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View Poll Results: How long with Biden be president?

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  • 1 Term

    9 36.00%
  • 2 Terms

    6 24.00%
  • Impeachment

    2 8.00%
  • Incapacitated

    8 32.00%
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Thread: Biden

  1. #76
    Member
    Registered: Dec 2020
    Quote Originally Posted by Nicker View Post
    The problem with all our economic paradigms is they are based on growth.

    The only way to grow now is to offload the negative results on poor people and poor nations (aka brown people) or push the crisis into the future where the generations a'comin' can deal with it... or not.

    Or we could all move to Mars!! Let's do it, Honey!
    I think that's a bit reductive.

    Socialism and the whole historical materialism thing are also based on growth, growth in productivity. You could argue that all human systems are based on maximizing return on labor investment, not just capitalism.

    Also, factors such as inflation which are often seen as a negative are in fact an important stabilizing and corrective force. For example a situation such as stagflation can still have many of the effective same mechanisms running, but it doesn't actually 'grow'.

    Or you've got key mechanisms like supply/demand curves. Markets do not actually require "growth" to operate, they show how prices go up and down in response to changes in both supply and demand.

    As an example take the national debt. Is it true that if the nation's debt increases then next year, the debt will be harder to pay than this year, and therefore one day, everything will explode?

    Well, actually no. You might have heard some people saying the national debt can keep going up forever and it's not actually a problem. They're completely correct. What's important is that the debt increases *no faster than inflation*. So ... if inflation is 2% then you can have a deficit of 2% of the current debt, and next year the size of the debt, in real terms, will be no greater. So this 8% inflation in this year, well that effectively means the national debt from previous years just shrunk by 8% in real-dollar terms.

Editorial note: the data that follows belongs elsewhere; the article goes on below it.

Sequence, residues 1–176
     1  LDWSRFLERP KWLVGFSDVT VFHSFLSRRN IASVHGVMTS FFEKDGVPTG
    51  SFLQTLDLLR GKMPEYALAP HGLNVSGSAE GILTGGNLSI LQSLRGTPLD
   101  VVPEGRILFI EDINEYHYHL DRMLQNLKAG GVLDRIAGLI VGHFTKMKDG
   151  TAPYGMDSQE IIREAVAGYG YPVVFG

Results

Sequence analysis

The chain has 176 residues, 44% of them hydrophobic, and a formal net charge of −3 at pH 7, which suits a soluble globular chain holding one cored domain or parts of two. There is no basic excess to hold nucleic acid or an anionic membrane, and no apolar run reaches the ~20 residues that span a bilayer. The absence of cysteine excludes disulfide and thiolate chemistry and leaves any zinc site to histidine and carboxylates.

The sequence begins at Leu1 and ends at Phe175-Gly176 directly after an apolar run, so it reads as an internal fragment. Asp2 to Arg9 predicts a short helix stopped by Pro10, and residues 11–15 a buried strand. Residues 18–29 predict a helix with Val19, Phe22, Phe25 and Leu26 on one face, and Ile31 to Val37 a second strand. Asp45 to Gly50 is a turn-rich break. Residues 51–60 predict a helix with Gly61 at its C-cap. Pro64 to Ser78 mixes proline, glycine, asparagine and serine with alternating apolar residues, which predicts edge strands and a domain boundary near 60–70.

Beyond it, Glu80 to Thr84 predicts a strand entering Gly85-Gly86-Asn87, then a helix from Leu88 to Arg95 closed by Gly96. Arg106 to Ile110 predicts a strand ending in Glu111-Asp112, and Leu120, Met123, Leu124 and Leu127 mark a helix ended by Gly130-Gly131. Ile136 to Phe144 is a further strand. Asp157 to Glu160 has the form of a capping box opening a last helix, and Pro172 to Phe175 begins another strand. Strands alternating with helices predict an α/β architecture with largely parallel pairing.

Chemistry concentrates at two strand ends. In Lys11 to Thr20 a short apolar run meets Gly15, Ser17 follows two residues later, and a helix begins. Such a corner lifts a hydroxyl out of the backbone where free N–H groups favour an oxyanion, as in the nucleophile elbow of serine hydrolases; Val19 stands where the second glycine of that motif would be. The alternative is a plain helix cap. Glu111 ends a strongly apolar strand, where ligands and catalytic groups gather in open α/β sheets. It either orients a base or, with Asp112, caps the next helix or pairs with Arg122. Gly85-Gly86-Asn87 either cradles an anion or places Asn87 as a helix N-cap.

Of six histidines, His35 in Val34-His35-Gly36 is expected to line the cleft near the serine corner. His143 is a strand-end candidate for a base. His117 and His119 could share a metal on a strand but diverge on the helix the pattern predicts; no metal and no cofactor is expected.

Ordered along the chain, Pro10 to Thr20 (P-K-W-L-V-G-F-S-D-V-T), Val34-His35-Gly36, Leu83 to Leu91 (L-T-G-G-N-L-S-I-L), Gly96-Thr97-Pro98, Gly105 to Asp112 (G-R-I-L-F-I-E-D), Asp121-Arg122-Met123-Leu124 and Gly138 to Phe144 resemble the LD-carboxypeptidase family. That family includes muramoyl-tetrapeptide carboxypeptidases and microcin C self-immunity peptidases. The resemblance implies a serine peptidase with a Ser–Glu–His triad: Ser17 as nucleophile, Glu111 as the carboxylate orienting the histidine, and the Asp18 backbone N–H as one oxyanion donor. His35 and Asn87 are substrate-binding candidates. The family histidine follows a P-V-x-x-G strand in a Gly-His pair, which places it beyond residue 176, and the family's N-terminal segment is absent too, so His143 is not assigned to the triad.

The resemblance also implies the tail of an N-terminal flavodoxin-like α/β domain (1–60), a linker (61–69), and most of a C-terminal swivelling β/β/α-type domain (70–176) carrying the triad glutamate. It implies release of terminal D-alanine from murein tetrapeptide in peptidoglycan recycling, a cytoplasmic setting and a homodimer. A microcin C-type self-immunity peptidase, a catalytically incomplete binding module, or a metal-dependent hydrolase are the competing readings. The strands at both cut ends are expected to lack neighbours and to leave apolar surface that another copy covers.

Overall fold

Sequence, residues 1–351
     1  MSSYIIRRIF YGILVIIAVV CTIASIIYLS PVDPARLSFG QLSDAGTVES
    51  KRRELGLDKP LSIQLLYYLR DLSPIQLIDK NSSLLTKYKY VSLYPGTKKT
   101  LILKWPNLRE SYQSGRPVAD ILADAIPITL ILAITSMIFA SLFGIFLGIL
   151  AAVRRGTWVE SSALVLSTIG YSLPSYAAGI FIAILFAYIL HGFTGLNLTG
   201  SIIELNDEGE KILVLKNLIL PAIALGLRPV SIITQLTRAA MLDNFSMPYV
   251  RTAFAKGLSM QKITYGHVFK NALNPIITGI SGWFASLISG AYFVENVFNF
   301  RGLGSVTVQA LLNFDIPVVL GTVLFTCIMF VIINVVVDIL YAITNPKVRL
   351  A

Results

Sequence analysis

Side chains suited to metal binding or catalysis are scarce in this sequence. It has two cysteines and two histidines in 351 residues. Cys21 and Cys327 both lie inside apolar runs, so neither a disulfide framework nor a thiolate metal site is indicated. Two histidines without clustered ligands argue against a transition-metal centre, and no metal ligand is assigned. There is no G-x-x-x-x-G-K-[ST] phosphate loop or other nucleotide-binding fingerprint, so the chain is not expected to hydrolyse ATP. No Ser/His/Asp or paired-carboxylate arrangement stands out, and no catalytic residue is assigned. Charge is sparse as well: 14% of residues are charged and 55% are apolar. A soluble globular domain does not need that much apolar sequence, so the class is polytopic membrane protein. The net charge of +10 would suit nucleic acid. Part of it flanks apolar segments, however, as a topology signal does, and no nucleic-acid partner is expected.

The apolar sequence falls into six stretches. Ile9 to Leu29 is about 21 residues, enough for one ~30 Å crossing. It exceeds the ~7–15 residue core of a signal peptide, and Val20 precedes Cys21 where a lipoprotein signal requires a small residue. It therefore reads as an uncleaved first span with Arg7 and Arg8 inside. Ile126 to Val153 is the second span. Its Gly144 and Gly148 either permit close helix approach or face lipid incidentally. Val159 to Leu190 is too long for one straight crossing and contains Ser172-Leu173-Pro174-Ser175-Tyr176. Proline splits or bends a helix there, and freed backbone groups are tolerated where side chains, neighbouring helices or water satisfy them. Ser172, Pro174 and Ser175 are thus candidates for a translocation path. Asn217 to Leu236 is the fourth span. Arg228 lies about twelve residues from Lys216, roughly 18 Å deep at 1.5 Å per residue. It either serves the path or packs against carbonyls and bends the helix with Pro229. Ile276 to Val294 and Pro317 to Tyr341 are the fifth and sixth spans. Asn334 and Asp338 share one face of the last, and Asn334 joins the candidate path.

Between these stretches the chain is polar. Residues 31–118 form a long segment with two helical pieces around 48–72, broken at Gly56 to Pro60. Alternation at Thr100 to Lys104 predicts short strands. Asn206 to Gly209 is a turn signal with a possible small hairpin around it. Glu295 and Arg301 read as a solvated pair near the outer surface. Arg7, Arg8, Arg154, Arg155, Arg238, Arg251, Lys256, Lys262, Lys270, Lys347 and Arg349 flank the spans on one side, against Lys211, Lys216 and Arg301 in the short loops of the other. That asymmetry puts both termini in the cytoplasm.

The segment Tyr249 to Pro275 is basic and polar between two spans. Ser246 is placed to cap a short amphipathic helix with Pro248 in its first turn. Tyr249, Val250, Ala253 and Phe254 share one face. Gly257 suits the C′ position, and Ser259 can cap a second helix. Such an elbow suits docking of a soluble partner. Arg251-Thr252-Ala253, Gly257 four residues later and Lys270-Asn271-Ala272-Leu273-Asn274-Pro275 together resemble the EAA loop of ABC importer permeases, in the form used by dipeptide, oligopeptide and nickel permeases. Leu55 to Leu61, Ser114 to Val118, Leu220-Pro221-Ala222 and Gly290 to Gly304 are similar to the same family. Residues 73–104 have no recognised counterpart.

The problem isn't actually that the debt's going up, the problem is that politicians don't have enough restraint in the good years to save up for the bad years, so on aggregate, the debt goes up faster than inflation does. Plus the BS where the profits of the 1% are no longer being taxes, almost at all. Both those things are way more important than the idea that capitalism will collapse without 'growth'.
    Last edited by Cipheron; 11th Sep 2022 at 12:24.

  2. #77
    Member
    Registered: May 2004
    Location: Canuckistan GWN
    It is reductionist by intent. The foundation an economy is ecology. This goes for any economic theory, regardless of the political underpinnings.

    Natural boom and bust population cycles of prey and predators are measured in years. Humans have managed to defer this natural accounting by offloading the problem to the future. Well, that future is here.

    An economy, on any scale, may thrive or fail because of the factors you covered, but it will certainly fail if the ecology it relies on to produce commodities and to absorb the resulting waste, collapses. This can occur, for example, because of reduced rainfall (natural) or the inability of the land to store water (in the form of plant cover) due to human exploitation.

    Environmental collapse accompanies civilization collapse again and again in history, regardless of whether or not the degradation was human caused or natural. Of course other factors can cause or contribute to the fall of civilizations, a region only stays uncivilized of the ability to provide the basics of life have been destroyed.

    Up until now there has always been new land to move to and exploit. Today, not so much. Our economic models are all based on growth: growth of demand, growth of markets, growth of production, growth of resource extraction, growth of waste and, most importantly, growth of population.

    We have nearly exhausted forests to slash and burn, watersheds to drain or treat as sewers. Unless we drastically change to some form of steady-state economy and/or reduce and stabilize our population, nature (or the lack thereof) will adjust our expectations for us.

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